It is the law of heaven to make fullness empty and to make full what is modest; when the sun is at its zenith, it must, according to the law of heaven, turn toward its setting, and at its nadir it rises toward a new dawn. In obedience to the same law, the moon when it is full begins to wane, and when empty of light it waxes again. This heavenly law works itself out in the fates of men also. It is the law of earth to alter the full and to contribute to the modest. High mountains are worn down by the waters, and the valleys are filled up. It is the law of fate to undermine what is full and to prosper the modest. And men also hate fullness and love the modest.

– Yi Jing 15

The Yi Jing is an ancient book of wisdom and divination, dating anywhere from the 10th to the 4th centuries BC with commentaries added within the following few centuries.

The same theme emerges prominently in various passages of the Dao De Jing, a Daoist text dating to at least the 4th century BC:

Nothing under heaven is softer or more yielding than water; but when it attacks things hard and resistant there is not one of them that can prevail. For they can find no way of altering it.

That the yielding conquers the resistant and the soft conquers the hard is a fact known by all men, yet utilized by none.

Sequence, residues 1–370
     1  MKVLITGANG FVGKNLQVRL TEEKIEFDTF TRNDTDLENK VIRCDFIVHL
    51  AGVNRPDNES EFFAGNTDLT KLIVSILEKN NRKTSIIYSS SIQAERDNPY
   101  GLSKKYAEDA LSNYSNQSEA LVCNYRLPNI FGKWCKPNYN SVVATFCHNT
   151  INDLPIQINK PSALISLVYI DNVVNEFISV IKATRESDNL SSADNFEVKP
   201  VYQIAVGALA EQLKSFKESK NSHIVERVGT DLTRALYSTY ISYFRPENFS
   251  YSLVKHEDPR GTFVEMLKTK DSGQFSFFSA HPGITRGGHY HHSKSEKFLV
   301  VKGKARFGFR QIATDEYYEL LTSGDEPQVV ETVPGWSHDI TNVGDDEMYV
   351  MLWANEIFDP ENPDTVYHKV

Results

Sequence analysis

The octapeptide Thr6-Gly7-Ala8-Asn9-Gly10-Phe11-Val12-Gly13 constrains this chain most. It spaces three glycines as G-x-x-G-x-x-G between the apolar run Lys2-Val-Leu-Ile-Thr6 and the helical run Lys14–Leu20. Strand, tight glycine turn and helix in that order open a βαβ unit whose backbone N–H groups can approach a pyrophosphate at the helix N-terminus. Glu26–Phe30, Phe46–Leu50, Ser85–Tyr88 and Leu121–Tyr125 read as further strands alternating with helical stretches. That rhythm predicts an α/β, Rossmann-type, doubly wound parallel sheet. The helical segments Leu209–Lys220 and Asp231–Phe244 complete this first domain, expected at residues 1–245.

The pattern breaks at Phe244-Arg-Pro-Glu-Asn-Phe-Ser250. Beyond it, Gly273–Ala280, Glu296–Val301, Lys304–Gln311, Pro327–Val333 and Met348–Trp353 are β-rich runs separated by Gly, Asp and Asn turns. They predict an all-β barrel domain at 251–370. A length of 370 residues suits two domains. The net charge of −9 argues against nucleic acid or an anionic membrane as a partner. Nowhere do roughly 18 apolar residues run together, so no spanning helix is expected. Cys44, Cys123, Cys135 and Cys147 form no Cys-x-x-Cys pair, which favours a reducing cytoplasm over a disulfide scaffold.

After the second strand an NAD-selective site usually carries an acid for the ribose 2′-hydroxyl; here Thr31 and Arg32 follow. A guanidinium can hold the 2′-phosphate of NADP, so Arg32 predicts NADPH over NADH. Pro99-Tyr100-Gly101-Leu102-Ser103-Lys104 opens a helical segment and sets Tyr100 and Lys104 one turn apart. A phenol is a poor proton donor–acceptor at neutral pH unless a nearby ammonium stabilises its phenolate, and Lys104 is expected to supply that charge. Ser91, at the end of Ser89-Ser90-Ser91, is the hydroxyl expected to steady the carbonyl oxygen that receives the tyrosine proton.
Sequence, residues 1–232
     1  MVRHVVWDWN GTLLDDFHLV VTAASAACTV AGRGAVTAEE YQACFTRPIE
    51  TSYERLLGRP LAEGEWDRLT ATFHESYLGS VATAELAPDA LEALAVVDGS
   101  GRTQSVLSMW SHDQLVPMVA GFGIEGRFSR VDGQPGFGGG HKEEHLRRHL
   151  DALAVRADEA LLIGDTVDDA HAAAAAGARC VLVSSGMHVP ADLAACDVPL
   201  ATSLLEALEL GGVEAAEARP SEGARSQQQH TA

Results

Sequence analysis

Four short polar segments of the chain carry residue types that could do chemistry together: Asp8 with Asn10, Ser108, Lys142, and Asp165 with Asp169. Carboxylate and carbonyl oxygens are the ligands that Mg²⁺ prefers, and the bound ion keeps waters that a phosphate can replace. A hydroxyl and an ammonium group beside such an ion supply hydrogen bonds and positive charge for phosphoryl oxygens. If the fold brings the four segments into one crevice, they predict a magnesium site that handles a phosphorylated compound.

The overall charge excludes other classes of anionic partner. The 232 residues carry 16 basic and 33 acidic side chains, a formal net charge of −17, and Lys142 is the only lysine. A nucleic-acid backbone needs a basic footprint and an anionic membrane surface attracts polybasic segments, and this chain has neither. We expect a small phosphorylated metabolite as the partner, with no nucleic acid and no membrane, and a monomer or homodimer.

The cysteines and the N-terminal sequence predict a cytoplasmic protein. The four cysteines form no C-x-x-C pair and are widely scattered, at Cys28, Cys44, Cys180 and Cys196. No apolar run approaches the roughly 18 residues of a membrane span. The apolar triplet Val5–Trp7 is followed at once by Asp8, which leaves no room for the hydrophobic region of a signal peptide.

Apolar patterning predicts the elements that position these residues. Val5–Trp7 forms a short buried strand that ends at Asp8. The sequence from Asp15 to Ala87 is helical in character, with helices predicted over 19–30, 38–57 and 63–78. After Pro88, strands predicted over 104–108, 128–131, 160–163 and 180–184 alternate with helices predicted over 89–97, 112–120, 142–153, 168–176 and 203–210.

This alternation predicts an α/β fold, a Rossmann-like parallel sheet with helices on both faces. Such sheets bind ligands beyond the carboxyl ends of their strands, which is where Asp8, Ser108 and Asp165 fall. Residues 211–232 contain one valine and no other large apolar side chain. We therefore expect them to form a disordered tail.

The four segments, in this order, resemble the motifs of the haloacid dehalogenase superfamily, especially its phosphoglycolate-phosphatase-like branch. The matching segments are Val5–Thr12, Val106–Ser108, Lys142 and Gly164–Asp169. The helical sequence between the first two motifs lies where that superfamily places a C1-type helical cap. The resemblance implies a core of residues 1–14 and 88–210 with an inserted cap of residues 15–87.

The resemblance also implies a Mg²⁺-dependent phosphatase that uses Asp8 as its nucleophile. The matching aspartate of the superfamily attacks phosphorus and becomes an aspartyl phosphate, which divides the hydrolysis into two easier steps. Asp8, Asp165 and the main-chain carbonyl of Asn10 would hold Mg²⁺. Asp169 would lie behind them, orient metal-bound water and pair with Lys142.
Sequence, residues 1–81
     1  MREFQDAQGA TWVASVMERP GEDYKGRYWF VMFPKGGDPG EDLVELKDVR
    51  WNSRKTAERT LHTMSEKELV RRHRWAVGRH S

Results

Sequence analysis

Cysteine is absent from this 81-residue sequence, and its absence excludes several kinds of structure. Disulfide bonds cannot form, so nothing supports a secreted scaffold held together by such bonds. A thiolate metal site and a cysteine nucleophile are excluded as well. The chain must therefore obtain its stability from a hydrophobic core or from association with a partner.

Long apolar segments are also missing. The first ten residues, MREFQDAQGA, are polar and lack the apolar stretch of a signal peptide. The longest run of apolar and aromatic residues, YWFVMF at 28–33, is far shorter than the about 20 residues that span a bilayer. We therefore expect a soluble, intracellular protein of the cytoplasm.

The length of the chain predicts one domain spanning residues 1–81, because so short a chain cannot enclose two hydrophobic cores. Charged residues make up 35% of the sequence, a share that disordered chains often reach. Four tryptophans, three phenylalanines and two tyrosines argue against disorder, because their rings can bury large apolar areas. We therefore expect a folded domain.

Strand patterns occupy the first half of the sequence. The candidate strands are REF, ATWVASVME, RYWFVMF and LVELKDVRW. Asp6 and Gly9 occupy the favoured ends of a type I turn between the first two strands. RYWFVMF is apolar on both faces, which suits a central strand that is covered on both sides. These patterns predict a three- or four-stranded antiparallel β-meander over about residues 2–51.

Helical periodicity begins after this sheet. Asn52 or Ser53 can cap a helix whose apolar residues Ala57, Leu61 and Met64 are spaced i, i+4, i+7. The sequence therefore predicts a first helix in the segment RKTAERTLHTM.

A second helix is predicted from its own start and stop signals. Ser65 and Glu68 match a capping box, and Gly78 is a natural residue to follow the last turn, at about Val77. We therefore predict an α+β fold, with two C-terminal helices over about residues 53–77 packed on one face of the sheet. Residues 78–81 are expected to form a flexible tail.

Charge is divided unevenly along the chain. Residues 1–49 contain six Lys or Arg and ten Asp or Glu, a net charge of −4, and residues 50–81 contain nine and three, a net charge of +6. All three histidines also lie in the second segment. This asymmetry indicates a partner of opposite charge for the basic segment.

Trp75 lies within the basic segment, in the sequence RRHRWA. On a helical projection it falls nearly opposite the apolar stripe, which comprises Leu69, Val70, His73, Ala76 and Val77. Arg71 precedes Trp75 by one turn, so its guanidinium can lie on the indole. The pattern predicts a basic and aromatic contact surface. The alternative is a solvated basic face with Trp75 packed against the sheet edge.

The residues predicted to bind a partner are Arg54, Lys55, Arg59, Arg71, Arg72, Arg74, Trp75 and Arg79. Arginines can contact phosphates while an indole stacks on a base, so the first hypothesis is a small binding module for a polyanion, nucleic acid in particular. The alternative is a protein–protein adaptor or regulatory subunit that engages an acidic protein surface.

Yet it is in reference to this that the Sage said “Only he who has accepted the dirt of the country can be lord of its soil shrines; only he who takes upon himself the evils of the country can become a king among those what dwell under heaven.” Straight words seem crooked.

– Dao De Jing 78


Finally, the first reading on Good Friday came from the Book of Isaiah, the 8th century BC Hebrew Prophet:

See, my servant will prosper, he shall be lifted up, exalted, rise to great heights.

As the crowd were appalled on seeing him – so disfigured did he look that he seemed no longer human – so will the crowds be astonished at him, and kings stand speechless before him; for they shall see something never told and witness something never heard before…

Without beauty, without majesty (we saw him), no looks to attract our eyes; a thing despised and rejected by men, a man of sorrows and familiar with suffering, a man to make people screen their faces; he was despised and we took no account of him…

…we thought of him as someone punished, struck by God, and brought low. Yet he was pierced through for our faults, crushed for our sins. On him lies a punishment that brings us peace, and through his wounds we are healed…

The Lord has been pleased to crush him with suffering. If he offers his life in atonement, he shall see his heirs, he shall have a long life and through him what the Lord wishes will be done.

– Isaiah 52-53